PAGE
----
Rapid technological advancement in recent years has placed affordable genetic testing in the hands of consumers and the global direct-to-consumer genetic testing (DTC-GT) market is forecast to be worth over US$1bn by 2020.
Globally, there are over 250 companies serving this market, offering a range of DNA-based applications including forensics, ancestry, health, pharmacogenomics, fitness and nutrition. This growth has been fueled by increased public awareness and acceptance of genetic testing, consumer empowerment, and the desire for tailored products and experiences. There is also the willingness to pay for it. In fact, 80% of early adopters of DTC-GT services claim curiosity as a primary motivation and in response, 90% of DTC-GT companies use emotional appeal as their key marketing strategy.
Dr. Sidney Yee, Chief Executive Officer of Singapore’s Diagnostics Development Hub (DxD) incubation system, observed this same trend in the Asia Pacific. “There is a big penetration of health and wellness products however many of them aren’t yet pushing into the clinical evidence arena. It needs to be about more than just wearables and apps.”
“The technology is readily available and cost effective,” agreed Lance Little, Managing Director of Roche’s Asia Pacific Diagnostics business. “It can help to color in the missing pieces of the patient jigsaw puzzle.”
The diagnostic industry is facing the conundrum of products and services commoditisation as countries seek to improve care system routing for population health management. Genetic-based testing is another layer to this story and arguably, the ultimate future direction of sector convergence efforts. The fact that genetic testing serves both business-to-business and business-to-consumer channels also increases its attractiveness. Data stewardship, however, remains a dilemma.
Data privacy and integrity pose real concerns
When consumers submit genetic samples for processing, they not only share sensitive data about themselves but also their family members who may not have consented. From a broader, longer term perspective, the sharing of genetic data may have implications on other aspects of life such as insurance premiums, employment prospects and even relationships, not to mention the potential for data breaches. Personal health data is already one of the most treasured on the dark web. Sixty-five percent of people willing to use a DTC-GT service report privacy as a top concern, specifically the sharing of their data with third parties such as pharmaceutical companies.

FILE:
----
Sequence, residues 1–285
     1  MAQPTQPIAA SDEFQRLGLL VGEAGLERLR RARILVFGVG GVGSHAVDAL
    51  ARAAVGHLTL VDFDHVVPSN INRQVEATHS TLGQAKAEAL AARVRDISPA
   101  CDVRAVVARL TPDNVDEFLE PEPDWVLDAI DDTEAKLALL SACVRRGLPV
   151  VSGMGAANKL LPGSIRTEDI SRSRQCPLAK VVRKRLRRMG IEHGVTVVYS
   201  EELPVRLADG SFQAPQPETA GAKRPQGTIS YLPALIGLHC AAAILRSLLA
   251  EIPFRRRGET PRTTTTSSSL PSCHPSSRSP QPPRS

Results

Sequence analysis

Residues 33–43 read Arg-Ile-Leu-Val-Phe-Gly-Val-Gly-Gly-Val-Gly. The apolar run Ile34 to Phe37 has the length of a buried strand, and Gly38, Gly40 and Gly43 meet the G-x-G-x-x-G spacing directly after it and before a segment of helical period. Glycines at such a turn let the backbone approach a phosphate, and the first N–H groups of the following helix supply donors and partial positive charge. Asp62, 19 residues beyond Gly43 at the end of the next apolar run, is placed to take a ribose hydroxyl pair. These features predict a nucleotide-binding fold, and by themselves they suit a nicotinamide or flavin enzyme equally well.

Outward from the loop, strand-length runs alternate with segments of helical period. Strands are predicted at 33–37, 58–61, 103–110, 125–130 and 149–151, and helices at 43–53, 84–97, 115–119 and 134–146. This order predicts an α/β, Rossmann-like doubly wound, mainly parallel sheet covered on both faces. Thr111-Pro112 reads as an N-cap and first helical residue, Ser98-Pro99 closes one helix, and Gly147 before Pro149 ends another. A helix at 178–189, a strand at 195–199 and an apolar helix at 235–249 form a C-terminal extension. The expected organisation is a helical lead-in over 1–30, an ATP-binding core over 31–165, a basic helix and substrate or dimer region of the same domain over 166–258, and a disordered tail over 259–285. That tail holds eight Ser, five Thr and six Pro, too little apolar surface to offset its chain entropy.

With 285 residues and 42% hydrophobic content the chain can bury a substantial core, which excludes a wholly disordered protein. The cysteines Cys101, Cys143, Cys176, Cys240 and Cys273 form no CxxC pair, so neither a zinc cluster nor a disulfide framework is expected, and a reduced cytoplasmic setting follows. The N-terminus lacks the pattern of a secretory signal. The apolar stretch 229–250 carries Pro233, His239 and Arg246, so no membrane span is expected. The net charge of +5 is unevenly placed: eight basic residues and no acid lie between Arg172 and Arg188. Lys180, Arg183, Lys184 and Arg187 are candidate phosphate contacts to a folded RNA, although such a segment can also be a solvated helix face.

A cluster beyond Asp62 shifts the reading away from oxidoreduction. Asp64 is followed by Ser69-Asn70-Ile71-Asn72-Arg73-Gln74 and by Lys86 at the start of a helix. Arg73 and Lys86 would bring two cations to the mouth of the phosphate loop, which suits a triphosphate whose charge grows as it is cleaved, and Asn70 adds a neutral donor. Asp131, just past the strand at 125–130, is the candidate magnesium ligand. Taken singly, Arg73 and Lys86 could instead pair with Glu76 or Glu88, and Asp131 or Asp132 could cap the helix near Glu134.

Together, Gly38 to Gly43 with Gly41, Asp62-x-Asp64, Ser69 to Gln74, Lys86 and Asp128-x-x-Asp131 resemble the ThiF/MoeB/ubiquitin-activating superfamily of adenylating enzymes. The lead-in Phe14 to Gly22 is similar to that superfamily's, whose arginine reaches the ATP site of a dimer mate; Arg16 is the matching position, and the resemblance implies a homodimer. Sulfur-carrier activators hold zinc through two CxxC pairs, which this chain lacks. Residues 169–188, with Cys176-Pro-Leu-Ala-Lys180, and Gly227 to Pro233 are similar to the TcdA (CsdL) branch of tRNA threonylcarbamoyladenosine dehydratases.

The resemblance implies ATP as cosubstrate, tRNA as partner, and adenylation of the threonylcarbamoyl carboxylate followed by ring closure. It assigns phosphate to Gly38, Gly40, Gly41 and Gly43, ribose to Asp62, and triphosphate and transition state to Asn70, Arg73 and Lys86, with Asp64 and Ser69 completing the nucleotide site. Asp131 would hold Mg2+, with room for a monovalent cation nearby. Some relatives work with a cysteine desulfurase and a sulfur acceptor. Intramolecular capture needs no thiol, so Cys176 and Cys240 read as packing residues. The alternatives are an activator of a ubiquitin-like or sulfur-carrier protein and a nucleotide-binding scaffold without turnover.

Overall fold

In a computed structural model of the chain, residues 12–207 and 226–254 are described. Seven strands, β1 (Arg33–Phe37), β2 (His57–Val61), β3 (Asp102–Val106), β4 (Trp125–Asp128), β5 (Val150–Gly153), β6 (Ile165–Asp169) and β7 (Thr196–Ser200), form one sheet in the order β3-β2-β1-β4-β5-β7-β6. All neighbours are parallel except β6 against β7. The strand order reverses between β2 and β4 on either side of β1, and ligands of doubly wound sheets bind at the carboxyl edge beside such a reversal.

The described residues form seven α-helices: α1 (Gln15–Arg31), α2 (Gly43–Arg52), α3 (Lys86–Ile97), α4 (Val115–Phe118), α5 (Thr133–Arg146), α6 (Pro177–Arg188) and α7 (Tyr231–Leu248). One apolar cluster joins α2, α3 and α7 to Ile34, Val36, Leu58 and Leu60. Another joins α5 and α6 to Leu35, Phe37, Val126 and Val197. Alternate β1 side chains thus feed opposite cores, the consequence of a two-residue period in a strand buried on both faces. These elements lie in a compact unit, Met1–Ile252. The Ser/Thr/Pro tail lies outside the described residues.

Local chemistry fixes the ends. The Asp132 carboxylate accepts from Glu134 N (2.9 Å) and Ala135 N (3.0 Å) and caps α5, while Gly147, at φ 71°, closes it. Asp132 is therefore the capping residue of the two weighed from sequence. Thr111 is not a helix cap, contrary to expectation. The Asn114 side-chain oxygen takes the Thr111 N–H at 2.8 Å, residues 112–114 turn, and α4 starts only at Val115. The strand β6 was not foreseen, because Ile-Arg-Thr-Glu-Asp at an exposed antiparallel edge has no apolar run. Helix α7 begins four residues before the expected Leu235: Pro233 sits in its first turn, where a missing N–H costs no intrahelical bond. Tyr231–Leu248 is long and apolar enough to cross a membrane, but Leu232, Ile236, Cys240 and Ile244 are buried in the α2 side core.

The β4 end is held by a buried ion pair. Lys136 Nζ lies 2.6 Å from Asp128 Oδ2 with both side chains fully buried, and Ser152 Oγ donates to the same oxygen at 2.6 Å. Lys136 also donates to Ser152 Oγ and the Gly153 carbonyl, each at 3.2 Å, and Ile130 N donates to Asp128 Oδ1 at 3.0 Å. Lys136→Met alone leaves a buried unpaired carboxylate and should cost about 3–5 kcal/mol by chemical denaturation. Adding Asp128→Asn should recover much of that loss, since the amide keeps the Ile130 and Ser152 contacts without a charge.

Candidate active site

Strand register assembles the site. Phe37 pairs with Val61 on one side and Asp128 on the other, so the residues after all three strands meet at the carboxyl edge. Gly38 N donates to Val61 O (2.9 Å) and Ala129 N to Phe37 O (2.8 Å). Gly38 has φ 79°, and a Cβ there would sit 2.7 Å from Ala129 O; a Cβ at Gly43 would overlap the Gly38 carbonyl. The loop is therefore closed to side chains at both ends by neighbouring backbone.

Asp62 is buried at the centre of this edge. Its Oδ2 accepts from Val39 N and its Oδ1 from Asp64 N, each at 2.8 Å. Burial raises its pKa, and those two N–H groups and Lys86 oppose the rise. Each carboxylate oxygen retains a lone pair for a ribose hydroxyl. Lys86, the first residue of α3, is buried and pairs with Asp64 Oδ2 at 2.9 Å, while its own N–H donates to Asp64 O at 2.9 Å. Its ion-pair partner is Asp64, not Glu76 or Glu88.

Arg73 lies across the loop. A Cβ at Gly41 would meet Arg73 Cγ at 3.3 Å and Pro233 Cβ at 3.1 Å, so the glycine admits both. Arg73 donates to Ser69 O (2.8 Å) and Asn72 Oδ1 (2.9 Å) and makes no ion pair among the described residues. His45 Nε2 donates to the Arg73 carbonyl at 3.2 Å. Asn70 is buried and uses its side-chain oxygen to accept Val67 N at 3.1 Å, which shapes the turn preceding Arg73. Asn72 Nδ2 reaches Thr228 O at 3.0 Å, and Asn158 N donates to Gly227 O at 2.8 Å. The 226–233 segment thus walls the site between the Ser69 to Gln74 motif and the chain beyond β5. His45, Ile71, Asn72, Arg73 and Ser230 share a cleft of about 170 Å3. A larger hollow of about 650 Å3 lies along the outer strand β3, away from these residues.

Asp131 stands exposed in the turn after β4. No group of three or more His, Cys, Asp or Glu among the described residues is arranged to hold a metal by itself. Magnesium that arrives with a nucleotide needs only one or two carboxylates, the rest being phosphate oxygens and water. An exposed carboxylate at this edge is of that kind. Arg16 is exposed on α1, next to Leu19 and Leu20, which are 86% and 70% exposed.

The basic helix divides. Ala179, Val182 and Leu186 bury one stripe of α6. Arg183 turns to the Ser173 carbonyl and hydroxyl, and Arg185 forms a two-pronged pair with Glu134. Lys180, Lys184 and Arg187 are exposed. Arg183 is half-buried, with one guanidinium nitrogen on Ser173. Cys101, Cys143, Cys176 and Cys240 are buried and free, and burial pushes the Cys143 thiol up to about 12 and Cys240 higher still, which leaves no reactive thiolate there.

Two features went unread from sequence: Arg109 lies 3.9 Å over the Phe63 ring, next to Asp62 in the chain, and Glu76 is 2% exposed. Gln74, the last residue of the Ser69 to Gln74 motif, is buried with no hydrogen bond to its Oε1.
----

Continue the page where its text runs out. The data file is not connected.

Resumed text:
“We look at three elements – where the data is stored and data security, how it moves for example on a blockchain, and how will it support clinical decision-making?” said Little. “With consumer genetic platforms, especially those where the data sets could be utilised, we see the need for appropriate governance and regulation.”
Despite efforts to put consumers at ease, recent reports suggest there are ways to reverse the data deidentification process. So whilst DTC-GT companies are only providing a focused genomic report back to consumers, the data set likely retains the full genetic sequence collected. The technology is moving faster than policy can keep up and as such, the expectation of regulations covering DTC-GT in its entirety, if at all, should not be considered a safeguard.
Consumer health data is essentially the first to be readily available as traditionally institutionalised patient records have been difficult to access. Thus, organisations such as DxD and Roche are actively working with governments to help shape the regulatory landscape of consumer health platforms.